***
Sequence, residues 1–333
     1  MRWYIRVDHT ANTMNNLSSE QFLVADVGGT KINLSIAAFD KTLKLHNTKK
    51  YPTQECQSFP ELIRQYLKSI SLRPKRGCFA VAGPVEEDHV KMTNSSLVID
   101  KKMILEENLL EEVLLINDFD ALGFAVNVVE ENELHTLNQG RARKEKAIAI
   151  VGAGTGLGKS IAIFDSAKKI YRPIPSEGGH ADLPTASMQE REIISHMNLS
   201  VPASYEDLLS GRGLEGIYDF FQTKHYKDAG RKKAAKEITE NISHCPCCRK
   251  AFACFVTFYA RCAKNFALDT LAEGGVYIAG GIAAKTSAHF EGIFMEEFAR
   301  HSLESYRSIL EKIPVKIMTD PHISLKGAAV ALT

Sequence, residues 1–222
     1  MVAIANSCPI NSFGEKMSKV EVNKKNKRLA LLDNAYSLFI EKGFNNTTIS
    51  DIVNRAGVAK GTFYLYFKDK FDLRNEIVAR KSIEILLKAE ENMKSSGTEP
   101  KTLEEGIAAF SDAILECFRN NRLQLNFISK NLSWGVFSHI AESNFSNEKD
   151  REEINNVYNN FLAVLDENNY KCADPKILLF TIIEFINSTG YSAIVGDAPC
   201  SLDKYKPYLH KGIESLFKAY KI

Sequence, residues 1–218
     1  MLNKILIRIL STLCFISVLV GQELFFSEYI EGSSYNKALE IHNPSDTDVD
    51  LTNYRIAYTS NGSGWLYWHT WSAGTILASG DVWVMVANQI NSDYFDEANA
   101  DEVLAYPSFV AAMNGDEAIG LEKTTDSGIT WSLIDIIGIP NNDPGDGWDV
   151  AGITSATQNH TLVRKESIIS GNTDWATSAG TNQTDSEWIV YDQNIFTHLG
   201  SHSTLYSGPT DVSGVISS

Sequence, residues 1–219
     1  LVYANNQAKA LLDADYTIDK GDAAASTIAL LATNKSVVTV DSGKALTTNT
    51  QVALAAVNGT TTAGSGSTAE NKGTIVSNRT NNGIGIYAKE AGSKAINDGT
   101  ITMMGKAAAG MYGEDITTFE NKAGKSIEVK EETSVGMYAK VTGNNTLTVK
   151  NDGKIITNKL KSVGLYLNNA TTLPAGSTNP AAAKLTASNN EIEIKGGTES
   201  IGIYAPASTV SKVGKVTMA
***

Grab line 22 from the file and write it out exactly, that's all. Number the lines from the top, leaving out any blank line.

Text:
     1  LVYANNQAKA LLDADYTIDK GDAAASTIAL LATNKSVVTV DSGKALTTNT